- Passage of the Health Care Prices Act in 1982 authorized the Dutch government to control physicians' fees and total revenues. “This legislation allowed the government, for example, to replace fee-for-service payments to hospital-based specialists with lump-sum payments to hospitals,” the Commonwealth Fund’s website explains.
- The Health Insurance Act passed in 2006, after years of legislation for universal health coverage, requiring all who legally live or work in the Netherlands to buy health insurance from a private insurance company.
- Insurers are required by Dutch law to accept applicants at a community-rated premium.
- Plans are financed with individuals’ annual income-based contributions, and employers are required to compensate employees for the contributions.
- Dutch citizens and residents are fined if they do not sign up for mandatory health insurance.
- Premiums are not required for children under age 18.
- About two-thirds of Dutch households receive an income-related subsidy from the government—a maximum of approximately $2,200 per household per year.
- The income-based contributions are transferred to a Risk Equalization Fund, which compensates insurers for taking on high-risk enrollees. In addition, insurers can use tools to protect their interests. These include managed-care techniques, such as disease management.
What Health Insurance Companies Cover As Mandated By Dutch Government
- Medical care, including care provided by general practitioners, medical specialists and obstetricians.
- Hospital treatment.
- Most medications (individual insurance companies determine what medications are covered).
- Dental care up to the age of 18.
- Postnatal care.
- Limited physiotherapy, exercise therapy, speech therapy, occupational therapy and dietary advice.
- Help to stop smoking.
- Additional premiums through supplementary private insurance plans cover dental care for adults; additional physiotherapy; and other treatment not covered under basic health-care plans.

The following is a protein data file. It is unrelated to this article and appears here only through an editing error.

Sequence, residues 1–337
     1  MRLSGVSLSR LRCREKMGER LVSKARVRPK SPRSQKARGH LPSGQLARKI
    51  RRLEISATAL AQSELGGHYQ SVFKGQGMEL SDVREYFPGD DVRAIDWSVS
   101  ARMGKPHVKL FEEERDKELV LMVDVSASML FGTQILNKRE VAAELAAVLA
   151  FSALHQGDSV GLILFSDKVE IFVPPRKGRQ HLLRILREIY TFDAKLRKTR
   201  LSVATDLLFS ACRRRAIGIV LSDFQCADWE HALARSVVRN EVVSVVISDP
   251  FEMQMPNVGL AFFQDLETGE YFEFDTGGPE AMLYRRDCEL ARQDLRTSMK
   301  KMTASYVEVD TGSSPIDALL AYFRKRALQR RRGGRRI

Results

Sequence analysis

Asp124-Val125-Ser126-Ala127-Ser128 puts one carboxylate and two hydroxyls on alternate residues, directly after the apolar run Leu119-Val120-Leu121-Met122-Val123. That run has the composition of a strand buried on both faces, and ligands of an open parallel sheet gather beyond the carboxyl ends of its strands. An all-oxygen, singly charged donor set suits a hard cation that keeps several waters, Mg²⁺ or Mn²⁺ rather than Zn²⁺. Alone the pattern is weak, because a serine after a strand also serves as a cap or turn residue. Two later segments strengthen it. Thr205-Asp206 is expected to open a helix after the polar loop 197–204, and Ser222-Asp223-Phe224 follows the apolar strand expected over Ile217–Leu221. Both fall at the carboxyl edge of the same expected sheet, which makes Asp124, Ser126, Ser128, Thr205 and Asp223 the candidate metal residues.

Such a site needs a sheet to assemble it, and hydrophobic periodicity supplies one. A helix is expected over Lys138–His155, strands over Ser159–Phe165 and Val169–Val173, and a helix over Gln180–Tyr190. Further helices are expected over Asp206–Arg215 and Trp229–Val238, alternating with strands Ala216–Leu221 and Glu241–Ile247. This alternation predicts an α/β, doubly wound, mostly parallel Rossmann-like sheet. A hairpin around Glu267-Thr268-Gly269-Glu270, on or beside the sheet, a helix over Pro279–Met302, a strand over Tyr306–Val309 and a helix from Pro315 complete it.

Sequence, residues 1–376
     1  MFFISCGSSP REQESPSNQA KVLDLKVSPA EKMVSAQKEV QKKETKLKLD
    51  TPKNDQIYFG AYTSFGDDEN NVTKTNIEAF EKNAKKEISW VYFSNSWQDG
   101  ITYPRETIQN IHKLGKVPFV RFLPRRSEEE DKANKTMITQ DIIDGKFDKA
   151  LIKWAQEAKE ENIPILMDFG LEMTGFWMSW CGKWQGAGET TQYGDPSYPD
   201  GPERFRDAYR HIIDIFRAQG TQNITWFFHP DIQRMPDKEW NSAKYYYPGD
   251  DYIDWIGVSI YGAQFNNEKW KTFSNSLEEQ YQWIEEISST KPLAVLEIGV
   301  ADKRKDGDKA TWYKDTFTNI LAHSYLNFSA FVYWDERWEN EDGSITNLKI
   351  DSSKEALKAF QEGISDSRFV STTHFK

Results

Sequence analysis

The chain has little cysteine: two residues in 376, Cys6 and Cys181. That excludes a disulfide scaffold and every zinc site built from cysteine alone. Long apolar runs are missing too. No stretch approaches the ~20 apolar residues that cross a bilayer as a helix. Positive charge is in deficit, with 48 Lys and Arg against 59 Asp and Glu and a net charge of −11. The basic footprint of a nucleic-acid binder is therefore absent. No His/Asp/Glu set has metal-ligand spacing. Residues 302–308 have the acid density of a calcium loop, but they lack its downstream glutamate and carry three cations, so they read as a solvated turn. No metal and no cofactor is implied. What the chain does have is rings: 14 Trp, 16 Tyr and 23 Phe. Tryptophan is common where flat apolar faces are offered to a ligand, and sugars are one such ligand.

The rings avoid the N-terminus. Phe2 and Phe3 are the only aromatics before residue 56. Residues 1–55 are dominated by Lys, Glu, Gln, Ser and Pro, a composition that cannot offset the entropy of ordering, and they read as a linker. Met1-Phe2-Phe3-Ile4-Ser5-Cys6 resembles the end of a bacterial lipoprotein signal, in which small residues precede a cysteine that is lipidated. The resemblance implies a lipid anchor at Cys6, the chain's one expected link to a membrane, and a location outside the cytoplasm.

For more information on the Netherlands health-care system, visit Euractiv.com at http://www.euractiv.com/health/netherlands-best-healthcare-syst-news-532022 and iAmsterdam.com at http://www.iamsterdam.com/en-GB/living/family-health/healthcare-and-insurance/health-insurance
YouTube Video: CNN Report on Dutch Health Care vs. the USA
(Top photo) GO DUTCH: The Netherlands leads the world in Primary Care. Photo: By User: (WT-shared) Shoestring at wts wikivoyage [Public domain], from Wikimedia Commons
Built in the tradition of the best US universities, the University of Medicine and Health Sciencesfocuses on individual student attention, maintaining small class sizes and recruiting high-quality faculty. We call this unique approach, “personalized medical education,” and it’s what has led to our unprecedented 96% student retention rate, and outstanding residency placements across the US and Canada. UMHS is challenging everything you thought you knew about Caribbean medical schools.
Scott is Director of Digital Content & Alumni Communications Liaison at UMHS and editor of the UMHS Endeavour blog. When he's not writing about UMHS students, faculty, events, public health, alumni and UMHS research, he writes and edits Broadway theater reviews for a website he publishes in New York City, StageZine.com.